Recently, a friend confided in me that she was dreading a play date the next day. My friend’s son and the other mom’s kid were good friends, but my friend — we’ll call her Mel — was worried about spending hours with the other mom. Just exchanging playground pleasantries, Mel knew that the other mom was of a different age demographic, had a different family structure, and didn’t share the same beliefs toward COVID response.
In short, she was sure that spending two hours with this woman would be torture.
The next time I saw Mel I asked, knowingly, “how was that playdate?” And much to my surprise, she glowed. Although Mel and the other mom seemed to have nothing in common other than boys the same age, they thoroughly enjoyed each other’s company, so much that they had already agreed to get together again.
“Shows me not to jump to conclusions,” Mel said.
It’s a reminder that we can all use. The so-called mommy-wars have raged since the early days of blogging, with women pitted against each other over choices ranging from whether to breastfeed or not, how long to leave kids rear-facing, whether and how to work, and even whether playground rules like “don’t go up the slide” are silly or meant to be enforced.
The pandemic, however, has added a new intensity to the splits over parenting decisions. Suddenly, parents aren’t just making feeding decisions or car seat choices that may or may not keep their kids a tiny bit safer. Now, we were facing decisions that could have life-or-death consequences, like whether to socialize, vaccinate and wear masks.
“The choices that I make are going to be the difference between my family staying alive and dying,” Angela Garbes, author of the book Like a Mother, told Vox recently. That fear drove mothers even further away from people with different perspectives, practices or lifestyles, Garbes said.
Of course, social media makes it all worse. As we’re learned through politics, social media can be an echo chamber, where you’re surrounded by people who think like you do and can conveniently “mute” those with a different perspective. Mom groups are becoming more and more niche, letting moms connect with others who share their beliefs or identities, which can range from “belief in science” to “plus size moms” to “outdoor adventure moms” (just a few of the segmented Facebook groups I’ve been part of).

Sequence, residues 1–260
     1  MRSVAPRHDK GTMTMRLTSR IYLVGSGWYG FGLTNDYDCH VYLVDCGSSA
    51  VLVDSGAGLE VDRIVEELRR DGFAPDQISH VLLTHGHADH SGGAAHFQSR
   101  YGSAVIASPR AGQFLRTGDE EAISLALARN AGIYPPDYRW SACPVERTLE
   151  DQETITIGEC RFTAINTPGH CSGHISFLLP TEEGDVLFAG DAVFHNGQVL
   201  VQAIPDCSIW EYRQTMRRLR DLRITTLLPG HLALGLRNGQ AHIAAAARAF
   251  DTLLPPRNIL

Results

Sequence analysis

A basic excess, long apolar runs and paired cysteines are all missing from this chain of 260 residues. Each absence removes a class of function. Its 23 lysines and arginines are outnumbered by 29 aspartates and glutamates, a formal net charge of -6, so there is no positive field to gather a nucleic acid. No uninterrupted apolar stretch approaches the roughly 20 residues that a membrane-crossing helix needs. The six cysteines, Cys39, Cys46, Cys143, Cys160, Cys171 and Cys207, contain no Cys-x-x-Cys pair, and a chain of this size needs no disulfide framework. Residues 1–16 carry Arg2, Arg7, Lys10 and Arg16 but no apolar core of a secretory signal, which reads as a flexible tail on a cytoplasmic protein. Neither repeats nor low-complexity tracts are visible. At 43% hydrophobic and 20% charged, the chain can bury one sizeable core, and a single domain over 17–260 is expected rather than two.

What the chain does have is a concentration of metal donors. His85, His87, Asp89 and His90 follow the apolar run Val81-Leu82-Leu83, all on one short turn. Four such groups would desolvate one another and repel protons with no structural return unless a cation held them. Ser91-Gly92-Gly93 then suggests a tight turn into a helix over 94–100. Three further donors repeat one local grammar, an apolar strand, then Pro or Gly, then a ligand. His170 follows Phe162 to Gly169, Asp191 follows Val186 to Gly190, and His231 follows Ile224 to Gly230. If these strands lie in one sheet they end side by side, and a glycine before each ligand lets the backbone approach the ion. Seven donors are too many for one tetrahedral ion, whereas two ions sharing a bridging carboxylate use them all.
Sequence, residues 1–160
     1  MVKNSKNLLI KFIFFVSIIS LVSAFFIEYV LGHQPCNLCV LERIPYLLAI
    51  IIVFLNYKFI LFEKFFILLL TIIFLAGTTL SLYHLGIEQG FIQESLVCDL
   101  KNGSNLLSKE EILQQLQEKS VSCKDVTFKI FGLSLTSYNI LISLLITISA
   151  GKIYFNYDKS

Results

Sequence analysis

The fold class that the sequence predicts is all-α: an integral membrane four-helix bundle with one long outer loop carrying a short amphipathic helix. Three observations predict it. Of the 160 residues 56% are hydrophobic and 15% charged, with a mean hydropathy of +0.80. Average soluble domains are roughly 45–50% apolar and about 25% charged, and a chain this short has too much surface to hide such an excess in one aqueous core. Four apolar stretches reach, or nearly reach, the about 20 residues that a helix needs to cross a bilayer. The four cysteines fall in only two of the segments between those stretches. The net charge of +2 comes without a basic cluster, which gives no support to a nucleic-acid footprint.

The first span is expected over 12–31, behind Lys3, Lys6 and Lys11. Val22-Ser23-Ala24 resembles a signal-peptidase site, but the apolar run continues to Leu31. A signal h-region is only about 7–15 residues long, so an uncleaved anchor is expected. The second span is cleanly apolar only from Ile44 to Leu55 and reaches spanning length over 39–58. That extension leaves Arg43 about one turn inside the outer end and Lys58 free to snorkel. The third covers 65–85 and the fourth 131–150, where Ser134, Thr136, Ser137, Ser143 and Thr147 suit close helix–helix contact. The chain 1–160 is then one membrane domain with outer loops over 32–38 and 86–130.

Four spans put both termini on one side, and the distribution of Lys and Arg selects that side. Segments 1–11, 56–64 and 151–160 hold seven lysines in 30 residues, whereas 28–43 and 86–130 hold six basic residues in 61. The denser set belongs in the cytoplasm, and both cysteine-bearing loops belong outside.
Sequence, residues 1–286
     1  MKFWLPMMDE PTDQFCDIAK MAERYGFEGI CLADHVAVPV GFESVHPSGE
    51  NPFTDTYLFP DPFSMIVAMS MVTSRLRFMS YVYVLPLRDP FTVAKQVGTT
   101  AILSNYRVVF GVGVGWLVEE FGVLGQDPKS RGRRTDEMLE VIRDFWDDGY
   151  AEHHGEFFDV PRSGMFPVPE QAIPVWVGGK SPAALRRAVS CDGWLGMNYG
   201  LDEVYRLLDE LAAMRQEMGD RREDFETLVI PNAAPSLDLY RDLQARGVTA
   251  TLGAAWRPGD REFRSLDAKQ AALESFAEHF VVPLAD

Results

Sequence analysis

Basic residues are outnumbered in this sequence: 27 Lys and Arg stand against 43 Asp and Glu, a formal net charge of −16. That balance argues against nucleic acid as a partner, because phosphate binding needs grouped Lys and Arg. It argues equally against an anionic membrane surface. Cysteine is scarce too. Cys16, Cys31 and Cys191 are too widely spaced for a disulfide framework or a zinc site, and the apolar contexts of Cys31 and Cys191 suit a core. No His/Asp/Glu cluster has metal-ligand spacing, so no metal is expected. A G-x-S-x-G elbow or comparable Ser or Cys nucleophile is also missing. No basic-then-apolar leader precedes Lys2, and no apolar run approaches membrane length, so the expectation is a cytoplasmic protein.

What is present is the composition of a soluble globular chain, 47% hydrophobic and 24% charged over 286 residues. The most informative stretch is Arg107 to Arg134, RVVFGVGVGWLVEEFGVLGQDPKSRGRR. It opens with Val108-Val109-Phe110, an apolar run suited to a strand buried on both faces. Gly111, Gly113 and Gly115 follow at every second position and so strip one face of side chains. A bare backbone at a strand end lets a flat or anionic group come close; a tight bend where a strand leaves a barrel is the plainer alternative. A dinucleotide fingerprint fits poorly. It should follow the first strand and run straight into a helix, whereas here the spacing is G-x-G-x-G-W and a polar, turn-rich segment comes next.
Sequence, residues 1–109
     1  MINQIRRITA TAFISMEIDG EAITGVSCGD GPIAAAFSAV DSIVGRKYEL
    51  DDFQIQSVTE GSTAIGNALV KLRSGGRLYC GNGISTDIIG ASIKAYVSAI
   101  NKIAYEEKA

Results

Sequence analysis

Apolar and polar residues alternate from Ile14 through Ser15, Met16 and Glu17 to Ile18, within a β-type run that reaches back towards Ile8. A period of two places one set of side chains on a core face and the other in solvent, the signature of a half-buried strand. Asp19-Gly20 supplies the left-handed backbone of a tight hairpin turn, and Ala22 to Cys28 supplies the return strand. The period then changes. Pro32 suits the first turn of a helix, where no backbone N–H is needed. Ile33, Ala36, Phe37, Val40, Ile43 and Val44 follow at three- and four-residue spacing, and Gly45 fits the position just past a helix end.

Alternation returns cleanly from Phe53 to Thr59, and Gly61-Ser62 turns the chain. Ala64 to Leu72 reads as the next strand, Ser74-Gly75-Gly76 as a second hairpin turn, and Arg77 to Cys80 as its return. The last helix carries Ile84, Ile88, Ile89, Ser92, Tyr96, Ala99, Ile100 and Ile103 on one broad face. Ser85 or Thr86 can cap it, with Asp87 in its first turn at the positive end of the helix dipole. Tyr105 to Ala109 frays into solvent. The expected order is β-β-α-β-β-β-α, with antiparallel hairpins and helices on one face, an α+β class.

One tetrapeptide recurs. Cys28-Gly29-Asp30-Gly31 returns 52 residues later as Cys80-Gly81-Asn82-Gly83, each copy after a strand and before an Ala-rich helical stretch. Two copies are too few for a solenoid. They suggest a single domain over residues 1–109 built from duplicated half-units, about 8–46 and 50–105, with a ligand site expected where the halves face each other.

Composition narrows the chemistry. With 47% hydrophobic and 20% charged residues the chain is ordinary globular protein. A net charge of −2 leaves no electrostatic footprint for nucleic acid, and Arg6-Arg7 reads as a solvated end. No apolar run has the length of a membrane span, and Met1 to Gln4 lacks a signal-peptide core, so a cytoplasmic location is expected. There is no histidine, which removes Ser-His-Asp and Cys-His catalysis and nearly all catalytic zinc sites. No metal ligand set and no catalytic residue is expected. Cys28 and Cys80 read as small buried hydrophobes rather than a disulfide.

While it’s great to connect with others who are similar to you, being in such closed-off spaces can make people with different identities or beliefs seem unapproachable.
“You can really silo yourself into those different communities,” said Jenna Abetz, who has studied American motherhood as a professor of communication at the College of Charleston.
The lack of support for parents, and moms in particular, drives people even further apart, experts say. Without adequate daycare or healthcare options, there’s an idea that moms need to grab what they can, leaving other moms to figure it out on their own.
“We’re all competing,” Garbes said, feeling a “need to hoard resources because there’s not enough to go around.”
In reality, moms have more common ground than differences. Most of us would agree that policies like accessible early childhood education, paid family leave and affordable healthcare would help not only us as parents, but also the next generation. Coming together around these causes, Garbes and Abetz say, can help moms call a truce, and possibly even end the mommy wars for good.
“If American family life was better, if people had the support that they needed overall, we really wouldn’t care what other people were doing,” Garbes said.
And from there, we might be able to make more genuine friendships, just like Mel discovered.
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